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What is a doula?

DOULA : from the ancient greek “A woman who serves”.
DOULA : a woman experienced in childbirth who provides advice, information, emotional support, and physical comfort to a mother before, during, and just after childbirth.
Today we use the word doula to refer to a person educated and experienced in supporting women in childbirth and parenting. Many doulas offer prenatal classes and breast feeding support. Some doulas specialize in postpartum care, and others work with infertile couples. The primary purpose of a doula is to inform and reassure the expectant family, providing them with unbiased information to help them make informed choices along their journey to parenthood.

Why hire a doula?
Numerous clinical studies have shown that women supported by a doula have shorter labours with less interventions. They are half as likely to have a C-section and less likely to use an epidural. They have more success with breast feeding and more positive memories of their birth experience.

What about my partner?

Birth 3
Your doula can help support your partner while you are concentrating on birthing your baby. It is difficult to see your loved one in pain but your doula can reassure your partner that labour is progressing normally and that you are coping well. Your doula can show your partner massage techniques that will soothe you and can stay with you during meal and bathroom breaks.

A Baby Ready doula can be your support during this most important time. Let your doula help you write a birth plan and stick to it (as much as baby allows!) Your doula will help you and your partner remember what you learned during childbirth class, and provide you with information and coping techniques to help you labour in confidence. Your doula will encourage you to ask questions of your medical team so that you move through your labour and birthing informed and empowered. Think of your doula as your cheat sheet for the biggest exam of your life!

5 steps to an awesome induction.

251814_10151795813205514_1168844160_nI know what you’re thinking: “aren’t inductions always awful?” “Don’t you hire a doula to avoid an induction?” “aren’t doulas all anti-intervention at all costs?” The answers to these questions are no, yes and not at all. Sometimes inductions are necessary. Doulas are not magicians. Interventions have their place. Last month I was privileged to attend the birth of a sweet-faced little girl. Her Mother had developed complications and the decision was made to induce at 38 weeks. Here is what my client taught me about how to have an awesome induction.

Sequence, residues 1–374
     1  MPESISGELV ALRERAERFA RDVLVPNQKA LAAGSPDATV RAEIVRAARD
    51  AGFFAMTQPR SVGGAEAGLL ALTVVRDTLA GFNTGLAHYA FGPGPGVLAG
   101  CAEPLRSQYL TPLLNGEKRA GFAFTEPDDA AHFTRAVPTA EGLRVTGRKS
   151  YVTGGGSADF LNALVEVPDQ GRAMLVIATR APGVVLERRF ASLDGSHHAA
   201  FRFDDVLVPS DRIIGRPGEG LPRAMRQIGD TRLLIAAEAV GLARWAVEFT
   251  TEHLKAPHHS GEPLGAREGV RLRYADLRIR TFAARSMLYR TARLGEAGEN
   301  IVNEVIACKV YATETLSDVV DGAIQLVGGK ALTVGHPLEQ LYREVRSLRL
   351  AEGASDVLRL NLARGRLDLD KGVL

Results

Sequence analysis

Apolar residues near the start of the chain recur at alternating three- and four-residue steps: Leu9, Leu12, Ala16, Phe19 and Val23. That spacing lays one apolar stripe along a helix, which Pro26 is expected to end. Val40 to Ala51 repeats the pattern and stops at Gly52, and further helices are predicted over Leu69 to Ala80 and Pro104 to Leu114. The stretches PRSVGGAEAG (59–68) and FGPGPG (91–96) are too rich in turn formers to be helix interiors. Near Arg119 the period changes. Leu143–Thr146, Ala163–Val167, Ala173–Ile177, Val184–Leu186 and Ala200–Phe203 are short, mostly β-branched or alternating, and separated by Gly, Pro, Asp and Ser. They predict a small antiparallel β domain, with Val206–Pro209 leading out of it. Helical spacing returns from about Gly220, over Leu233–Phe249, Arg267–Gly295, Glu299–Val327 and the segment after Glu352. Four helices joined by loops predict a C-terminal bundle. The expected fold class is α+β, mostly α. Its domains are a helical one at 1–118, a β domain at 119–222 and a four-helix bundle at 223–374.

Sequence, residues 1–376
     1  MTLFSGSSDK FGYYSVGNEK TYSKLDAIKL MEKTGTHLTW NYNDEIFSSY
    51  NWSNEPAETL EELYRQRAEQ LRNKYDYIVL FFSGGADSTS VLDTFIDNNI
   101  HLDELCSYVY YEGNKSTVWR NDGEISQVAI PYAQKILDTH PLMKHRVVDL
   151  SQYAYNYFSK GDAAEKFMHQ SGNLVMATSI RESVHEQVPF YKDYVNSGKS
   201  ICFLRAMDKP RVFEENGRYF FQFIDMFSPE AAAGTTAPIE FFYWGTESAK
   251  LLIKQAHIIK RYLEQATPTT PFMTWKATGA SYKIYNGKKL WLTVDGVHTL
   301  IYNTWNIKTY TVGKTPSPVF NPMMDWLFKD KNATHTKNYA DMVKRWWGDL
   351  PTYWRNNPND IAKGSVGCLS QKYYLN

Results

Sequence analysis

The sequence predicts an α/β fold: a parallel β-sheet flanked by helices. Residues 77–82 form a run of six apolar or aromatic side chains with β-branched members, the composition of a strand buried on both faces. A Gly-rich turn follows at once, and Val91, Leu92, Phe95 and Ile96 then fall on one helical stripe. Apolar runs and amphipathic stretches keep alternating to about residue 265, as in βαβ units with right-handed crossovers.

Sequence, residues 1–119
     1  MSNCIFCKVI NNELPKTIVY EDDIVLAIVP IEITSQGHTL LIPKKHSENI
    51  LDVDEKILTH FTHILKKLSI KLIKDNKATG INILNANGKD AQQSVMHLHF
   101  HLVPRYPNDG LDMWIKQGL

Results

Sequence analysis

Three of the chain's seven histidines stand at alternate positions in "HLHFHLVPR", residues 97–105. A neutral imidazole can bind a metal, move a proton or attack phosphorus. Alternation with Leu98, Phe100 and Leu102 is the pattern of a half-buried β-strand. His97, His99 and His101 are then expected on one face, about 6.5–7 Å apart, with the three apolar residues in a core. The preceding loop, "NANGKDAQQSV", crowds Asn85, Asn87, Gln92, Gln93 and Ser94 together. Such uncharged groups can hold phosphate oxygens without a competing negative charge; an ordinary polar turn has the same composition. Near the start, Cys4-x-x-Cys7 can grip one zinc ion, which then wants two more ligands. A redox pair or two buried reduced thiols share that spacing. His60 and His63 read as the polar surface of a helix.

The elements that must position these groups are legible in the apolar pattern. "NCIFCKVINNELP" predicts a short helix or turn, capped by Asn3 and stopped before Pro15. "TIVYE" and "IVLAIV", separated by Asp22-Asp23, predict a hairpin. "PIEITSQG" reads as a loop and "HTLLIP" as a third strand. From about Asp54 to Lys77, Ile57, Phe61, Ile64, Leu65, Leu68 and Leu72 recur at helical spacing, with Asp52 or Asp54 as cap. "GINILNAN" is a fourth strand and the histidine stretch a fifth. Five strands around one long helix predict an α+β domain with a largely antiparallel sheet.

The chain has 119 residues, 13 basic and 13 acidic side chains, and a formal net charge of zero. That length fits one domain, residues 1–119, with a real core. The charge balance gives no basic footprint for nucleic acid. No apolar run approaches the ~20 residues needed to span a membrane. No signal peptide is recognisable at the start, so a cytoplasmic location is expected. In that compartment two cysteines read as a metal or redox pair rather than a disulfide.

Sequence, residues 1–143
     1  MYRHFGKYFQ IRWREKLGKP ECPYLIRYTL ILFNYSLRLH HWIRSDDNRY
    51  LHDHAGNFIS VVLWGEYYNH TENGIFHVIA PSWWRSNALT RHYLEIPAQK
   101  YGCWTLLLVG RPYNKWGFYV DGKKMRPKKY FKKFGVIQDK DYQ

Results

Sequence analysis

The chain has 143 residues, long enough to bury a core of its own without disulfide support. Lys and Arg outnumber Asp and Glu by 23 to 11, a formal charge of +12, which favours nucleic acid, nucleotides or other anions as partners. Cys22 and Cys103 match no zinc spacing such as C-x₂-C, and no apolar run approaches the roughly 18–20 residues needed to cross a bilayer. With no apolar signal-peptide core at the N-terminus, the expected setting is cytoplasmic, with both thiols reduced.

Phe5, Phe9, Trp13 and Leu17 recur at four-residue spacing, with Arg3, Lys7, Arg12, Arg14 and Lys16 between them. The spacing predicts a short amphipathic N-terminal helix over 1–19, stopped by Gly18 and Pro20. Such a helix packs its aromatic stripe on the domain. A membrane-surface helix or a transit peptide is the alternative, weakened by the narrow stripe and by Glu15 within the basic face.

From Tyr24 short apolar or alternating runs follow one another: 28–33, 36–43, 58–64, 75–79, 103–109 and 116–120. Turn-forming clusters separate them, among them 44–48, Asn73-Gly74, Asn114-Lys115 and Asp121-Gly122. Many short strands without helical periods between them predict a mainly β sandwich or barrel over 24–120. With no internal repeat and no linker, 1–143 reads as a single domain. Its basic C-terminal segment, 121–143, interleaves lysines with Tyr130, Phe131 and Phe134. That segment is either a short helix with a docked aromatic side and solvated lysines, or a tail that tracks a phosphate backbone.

Step 1. Keep a positive attitude. So your birth plan was to have a water birth at home with midwives, and you find yourself checking in to the hospital for an early induction. Oh well. It’s still your birth and your baby, let’s make the best of it.

Step 2. Take one step at a time. The OB is most likely to offer you gel, AROM, Pitocin, and an epidural as a welcome package. Try to space out these interventions. See if the gel will work by itself. Try to relax, sleep, and let your cervix do its thing. Put off the next intervention for as long as possible.

Step 3. Walk walk walk. Try and move around as much as possible. The longer you can stay mobile, the better position your baby will slip into for an easier birth. Remember, gravity is your friend. There are many upright positions for labouring even if you want to rest in bed. A portable fetal monitor even allows you to shower or get in the bath. You can still move around with ruptured membranes and a Pitocin drip if you are determined to do so.

Step 4. Don’t be a martyr. You don’t have to suffer. Pitocin induced contractions are much harder and stronger than the natural kind. Very few women can manage them without pain relief. Getting an epidural does not mean you’re a failure, it means you can enjoy some pain-free time to rest up for step 5.

Step 5. Wait till you feel pressure on your rectum and push that baby out like a boss. That’s what the epidural does best – gets you through transition without batting an eyelid. If you stop pressing the top up button when you begin to feel pressure in your bum you should have enough sensation to push effectively when the time comes. Slow steady pushing is the way to go.

That’s it, my 5 steps for an awesome induction. Remember, it’s still your birth and your baby and you are the one in charge.